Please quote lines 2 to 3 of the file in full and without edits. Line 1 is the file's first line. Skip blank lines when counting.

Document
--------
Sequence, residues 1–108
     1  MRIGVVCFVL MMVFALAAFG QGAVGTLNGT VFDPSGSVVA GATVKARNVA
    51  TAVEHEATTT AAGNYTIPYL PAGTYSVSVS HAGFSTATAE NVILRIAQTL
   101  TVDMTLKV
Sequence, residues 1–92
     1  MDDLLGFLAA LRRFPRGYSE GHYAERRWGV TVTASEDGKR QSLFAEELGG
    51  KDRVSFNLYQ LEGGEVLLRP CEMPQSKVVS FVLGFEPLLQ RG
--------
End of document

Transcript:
     1  MRIGVVCFVL MMVFALAAFG QGAVGTLNGT VFDPSGSVVA GATVKARNVA
    51  TAVEHEATTT AAGNYTIPYL PAGTYSVSVS HAGFSTATAE NVILRIAQTL